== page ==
Depression Kills

Even as I began death work, executions seemed a distant possibility, events that could be stopped. Then came David Lawson. By early 1994, the real possibility of his execution began to sink in.

David was represented by two lawyers in my office: Marshall Dayan and Jim Moreno. Marshall, a long time death penalty activist in The South, had represented David since 1988; they had grown very close. Jim, a hippie from The North, joined the Resource Center at the same time I had. Jim and I had become like brother and sister, protective of one another in the strange death penalty landscape new to us both.

David had shot a man and his father during a home burglary gone bad, some fourteen years earlier. The father lived; the son did not. David was suffering from severe depression at the time of his crimes, something that was not revealed at David’s trial. Indeed, none of his extensive mitigating social and psychological history was presented. Rather, the only witness presented at trial was at the sentencing hearing. That witness was David himself. The sole purpose of his testimony was to let the jury know that David wanted to die.

Questioned by his own attorney, David was first asked about his criminal record. It was minimal “two cases of breaking and entering some years ago in Stanly County.” He also admitted that he had assisted the State “involving some criminal matters in Stanly County some years ago.” Then David’s attorney got to the heart of the matter:

Q: At this time would you tell the jury what your request is regarding their decision?

A: I’d like the death penalty.

Q: Would you care to tell us why you want the death penalty?

A: To be locked up in prison for something I did not do, is truly cruel and inhuman. I didn’t do it. I don’t care what anybody says. I’m innocent. That to be put in prison for life, that’s not right. You think I done it, gas me. [David was not innocent but knew saying so would really piss off the jury. He did not want to risk them having any pity for him.]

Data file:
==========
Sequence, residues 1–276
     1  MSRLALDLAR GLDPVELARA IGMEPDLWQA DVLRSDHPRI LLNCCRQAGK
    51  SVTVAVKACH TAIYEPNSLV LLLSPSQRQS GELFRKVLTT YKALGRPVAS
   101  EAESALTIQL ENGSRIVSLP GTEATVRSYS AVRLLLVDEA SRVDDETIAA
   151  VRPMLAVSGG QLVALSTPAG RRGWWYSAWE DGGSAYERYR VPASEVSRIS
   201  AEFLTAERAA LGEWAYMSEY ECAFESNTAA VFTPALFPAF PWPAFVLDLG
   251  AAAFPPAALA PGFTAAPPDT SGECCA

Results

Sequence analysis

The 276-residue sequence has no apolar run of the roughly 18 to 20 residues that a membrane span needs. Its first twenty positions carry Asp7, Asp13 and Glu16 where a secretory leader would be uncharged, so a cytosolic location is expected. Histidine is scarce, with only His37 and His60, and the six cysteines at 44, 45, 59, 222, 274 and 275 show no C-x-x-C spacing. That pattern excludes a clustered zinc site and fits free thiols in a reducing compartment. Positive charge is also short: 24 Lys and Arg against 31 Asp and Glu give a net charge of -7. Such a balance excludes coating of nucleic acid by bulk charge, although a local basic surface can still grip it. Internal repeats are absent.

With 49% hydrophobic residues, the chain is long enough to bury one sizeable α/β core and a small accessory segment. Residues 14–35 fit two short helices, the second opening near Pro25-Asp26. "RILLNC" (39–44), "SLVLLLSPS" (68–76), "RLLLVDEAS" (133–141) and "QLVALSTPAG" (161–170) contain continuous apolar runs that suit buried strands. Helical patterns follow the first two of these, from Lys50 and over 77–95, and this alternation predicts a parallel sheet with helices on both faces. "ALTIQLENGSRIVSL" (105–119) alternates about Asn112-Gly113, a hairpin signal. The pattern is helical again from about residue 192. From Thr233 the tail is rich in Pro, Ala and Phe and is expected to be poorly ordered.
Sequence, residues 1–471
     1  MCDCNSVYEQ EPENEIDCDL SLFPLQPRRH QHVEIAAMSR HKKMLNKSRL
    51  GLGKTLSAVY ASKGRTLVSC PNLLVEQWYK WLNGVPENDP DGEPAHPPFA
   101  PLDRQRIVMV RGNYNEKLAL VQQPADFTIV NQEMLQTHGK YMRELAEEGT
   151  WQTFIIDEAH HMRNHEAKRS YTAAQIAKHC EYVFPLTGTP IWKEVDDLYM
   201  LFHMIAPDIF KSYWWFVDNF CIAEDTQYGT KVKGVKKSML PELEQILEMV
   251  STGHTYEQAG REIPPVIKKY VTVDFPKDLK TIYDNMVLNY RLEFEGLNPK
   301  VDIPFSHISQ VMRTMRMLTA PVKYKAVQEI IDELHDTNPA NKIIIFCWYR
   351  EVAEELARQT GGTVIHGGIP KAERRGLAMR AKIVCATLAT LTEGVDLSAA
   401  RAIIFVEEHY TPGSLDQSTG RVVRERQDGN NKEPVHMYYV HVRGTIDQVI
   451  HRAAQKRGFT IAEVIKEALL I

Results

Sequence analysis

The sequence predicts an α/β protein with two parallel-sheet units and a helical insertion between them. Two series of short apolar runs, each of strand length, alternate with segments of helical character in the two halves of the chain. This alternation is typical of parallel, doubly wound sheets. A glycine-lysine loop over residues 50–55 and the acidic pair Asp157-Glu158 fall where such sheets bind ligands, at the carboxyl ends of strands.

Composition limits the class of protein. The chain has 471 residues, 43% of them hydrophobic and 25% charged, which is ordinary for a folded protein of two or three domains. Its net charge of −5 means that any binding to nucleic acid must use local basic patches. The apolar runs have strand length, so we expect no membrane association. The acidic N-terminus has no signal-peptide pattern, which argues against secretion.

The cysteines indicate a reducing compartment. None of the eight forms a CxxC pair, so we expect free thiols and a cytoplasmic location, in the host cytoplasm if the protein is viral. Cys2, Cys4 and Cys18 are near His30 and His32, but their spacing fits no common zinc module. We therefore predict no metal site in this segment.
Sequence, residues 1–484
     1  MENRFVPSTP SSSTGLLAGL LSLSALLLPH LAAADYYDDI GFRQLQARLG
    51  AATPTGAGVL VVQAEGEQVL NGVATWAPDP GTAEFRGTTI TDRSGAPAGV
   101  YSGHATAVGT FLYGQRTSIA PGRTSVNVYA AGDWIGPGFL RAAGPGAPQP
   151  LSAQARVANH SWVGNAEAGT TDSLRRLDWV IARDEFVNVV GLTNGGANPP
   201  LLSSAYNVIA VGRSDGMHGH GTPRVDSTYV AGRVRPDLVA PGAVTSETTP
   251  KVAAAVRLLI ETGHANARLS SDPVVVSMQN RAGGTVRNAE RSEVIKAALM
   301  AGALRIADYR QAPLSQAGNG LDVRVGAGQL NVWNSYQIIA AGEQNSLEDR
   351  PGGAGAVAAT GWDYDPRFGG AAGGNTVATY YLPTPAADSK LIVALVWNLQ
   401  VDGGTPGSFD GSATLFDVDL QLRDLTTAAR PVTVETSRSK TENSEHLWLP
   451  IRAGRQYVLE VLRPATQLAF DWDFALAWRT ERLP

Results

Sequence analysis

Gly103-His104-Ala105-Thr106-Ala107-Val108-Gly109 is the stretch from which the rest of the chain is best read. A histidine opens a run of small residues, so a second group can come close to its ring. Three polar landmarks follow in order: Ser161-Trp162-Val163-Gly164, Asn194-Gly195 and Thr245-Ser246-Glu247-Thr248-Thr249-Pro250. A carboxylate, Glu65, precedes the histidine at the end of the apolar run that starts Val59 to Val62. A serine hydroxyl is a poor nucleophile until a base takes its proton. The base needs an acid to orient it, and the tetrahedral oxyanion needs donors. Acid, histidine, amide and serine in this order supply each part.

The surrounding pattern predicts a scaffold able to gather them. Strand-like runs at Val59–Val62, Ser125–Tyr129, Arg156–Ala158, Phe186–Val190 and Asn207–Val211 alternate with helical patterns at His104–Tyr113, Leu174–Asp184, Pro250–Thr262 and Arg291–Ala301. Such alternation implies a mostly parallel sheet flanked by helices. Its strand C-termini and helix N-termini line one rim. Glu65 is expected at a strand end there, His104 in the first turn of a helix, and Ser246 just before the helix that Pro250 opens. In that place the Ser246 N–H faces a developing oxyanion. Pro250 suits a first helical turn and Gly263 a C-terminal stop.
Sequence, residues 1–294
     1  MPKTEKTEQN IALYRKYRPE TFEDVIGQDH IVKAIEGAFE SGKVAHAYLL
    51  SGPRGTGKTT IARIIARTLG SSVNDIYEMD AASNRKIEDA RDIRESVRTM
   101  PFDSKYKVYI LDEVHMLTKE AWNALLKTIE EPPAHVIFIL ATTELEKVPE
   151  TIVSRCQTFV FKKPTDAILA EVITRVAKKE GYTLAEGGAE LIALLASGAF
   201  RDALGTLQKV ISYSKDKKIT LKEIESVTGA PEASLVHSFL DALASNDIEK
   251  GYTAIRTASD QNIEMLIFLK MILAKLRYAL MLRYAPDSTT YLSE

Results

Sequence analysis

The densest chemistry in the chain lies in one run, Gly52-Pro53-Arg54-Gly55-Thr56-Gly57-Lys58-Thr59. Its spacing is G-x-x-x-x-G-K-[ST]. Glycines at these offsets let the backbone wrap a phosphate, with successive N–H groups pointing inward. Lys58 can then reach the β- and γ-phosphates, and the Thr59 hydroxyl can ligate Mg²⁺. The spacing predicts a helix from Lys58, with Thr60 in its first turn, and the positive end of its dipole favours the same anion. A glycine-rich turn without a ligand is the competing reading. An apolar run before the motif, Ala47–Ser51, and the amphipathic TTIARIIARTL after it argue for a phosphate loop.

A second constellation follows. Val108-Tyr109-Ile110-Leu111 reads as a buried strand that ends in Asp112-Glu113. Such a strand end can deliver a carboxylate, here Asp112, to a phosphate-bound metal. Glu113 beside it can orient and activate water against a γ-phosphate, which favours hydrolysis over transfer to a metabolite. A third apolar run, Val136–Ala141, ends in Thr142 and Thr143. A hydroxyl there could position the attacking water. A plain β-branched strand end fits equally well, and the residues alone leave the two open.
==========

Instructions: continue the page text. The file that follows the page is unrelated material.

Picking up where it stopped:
Q: And you’re–you know what you’re asking?

A: Yes, sir.

Q: You know it’s my responsibility to try to save your life?

A: Yes, sir.

Q: That’s all.

Lawson v. Dixon, 3 F.3d 743 (1993). The jury granted David his wish and sentenced him to death.

Fourteen years later, on Feb. 28, 1994, in a dissenting opinion from a US Supreme Court Order denying review of David’s case, Justice Harry Blackmun described his concern about what happened at trial.

At the time of his trial, the record suggested that David Lawson suffered “significant psychopathology,” anxiety, depression, hostility, and a likelihood of deficient impulse control. He generally lacked the ability to communicate with his attorney or to understand the nature and seriousness of the charges against him. He thought of suicide and once had attempted it. It is hardly surprising that he told his sentencing jury: “You think I done it, gas me.” Lawson’s counsel, taking his cues from Lawson, neither investigated nor presented any evidence of his client’s mental problems, which might have established statutory and nonstatutory mitigation, which, in turn, might have meant the difference between life and death.

Without deciding the merits of these claims, I conclude that they cast considerable doubt on the reliability and constitutionality of Lawson’s sentence of death.

Lawson v. Dixon, 510 U.S. 1171 (1994).

Meeting Ernest and his family